Reporter Lisa Rapaport quotes Dr. Peter Lurie, FDA associate commissioner for public health strategy and analysis, saying “‘Only a minority of the press releases clearly stated that receipt of a complete response letter meant that marketing could not commence, and most findings associating the drug with a higher mortality rate went unmentioned.’” (emphasis added)

In her report, Rapaport notes that Dr. Lurie reviewed announcements by pharmaceutical companies following FDA disapproval released between 2008 and 2013 and found that “About half of the time, the complete response letters cited shortcomings in both safety and effectiveness. Out of 191 concerns about effectiveness raised in the letters, drugmakers disclosed a total of 30 in press releases, while companies shared 22 of 150 safety concerns.

Roughly half of the letters asked for new clinical trials to study safety or effectiveness; and in 59 percent of these cases companies disclosed this in a press release.”

This practice makes intuitive sense for drug companies, however cynical it is to admit. Why would pharma companies want to disclose precisely how a proposed product failed to meet FDA safety and efficacy requirements?

This actually raises an important issue for the FDA: should all proposed pharmaceutical products, not only approved drugs and devices, be a part of public knowledge?  Companies whose stock is traded on the open market are already required to detail drug rejections (as is noted in the aforementioned Reuters piece), but not all drug companies are publicly held.  Privately-held pharmaceutical corporations will argue that disapproved compounds consist in proprietary knowledge, and they may be right, public health concerns aside.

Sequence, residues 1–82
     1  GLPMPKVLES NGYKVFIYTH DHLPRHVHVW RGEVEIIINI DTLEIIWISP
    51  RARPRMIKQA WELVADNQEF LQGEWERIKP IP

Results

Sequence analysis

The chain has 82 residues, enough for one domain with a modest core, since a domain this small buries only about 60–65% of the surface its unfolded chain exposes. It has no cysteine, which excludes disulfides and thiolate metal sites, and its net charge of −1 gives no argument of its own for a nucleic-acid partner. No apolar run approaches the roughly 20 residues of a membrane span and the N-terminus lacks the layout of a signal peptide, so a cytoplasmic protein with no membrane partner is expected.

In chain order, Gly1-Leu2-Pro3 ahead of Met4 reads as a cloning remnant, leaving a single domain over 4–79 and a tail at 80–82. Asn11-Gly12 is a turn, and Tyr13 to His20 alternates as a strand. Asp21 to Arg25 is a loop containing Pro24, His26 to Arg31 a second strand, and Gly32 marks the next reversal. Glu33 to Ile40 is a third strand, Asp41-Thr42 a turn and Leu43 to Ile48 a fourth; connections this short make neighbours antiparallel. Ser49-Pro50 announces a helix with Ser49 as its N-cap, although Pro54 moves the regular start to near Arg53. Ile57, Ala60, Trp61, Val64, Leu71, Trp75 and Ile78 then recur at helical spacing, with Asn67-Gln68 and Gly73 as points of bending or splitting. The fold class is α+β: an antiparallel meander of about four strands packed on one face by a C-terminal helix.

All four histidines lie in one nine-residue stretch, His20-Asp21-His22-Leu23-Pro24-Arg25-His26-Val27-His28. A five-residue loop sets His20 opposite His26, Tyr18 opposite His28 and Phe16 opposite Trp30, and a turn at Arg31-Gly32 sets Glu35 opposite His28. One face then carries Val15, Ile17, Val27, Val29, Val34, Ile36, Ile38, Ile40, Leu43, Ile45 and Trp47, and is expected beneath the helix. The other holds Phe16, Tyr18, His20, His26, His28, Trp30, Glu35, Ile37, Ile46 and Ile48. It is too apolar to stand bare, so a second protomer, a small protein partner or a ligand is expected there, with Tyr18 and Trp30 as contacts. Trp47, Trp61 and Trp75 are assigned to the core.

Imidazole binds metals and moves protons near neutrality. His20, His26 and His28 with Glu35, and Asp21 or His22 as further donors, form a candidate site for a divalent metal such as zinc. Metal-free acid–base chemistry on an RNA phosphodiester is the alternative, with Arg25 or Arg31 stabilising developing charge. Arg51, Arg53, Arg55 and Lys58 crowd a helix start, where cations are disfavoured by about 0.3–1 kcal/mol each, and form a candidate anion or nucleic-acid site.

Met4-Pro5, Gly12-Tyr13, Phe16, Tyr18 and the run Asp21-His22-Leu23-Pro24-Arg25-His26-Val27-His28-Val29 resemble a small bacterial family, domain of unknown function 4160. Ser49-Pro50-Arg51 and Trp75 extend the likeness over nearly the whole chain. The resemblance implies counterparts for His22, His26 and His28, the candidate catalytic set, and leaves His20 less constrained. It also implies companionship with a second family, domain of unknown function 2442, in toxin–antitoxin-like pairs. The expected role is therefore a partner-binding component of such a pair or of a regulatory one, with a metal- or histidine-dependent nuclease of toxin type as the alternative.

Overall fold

It nonetheless still is important to consider drugs that “may have been,” (or rather, drugs that failed to surmount the ever-weakening FDA approval process).  Many drugs sold in America are disapproved upon initial FDA review, and following simple adjustments to study design, methodology, or statistical rigour are approved without meaningful changes to drug design.  That is, the method used to test a drug’s effectiveness or safety can be adjusted, and a disapproved drug is made legal, without change to a drug’s chemical design.

With attention paid to disapproved drugs through open communication between pharmaceutical companies, the FDA, and the American public, consumers can understand more completely whether substantive changes were made to a drug’s design between initial disapproval and subsequent approval.

By no means would I suggest it is necessary, or would even be helpful, that the American populous attempt a measure of biochemical or pharmacological scrutiny when reviewing the FDA’s news ticker.  That is the task of science journalists and healthcare analysts.  As long is information regarding drug disapproval is available in full, dissemination to the public is possible, and that is a good thing.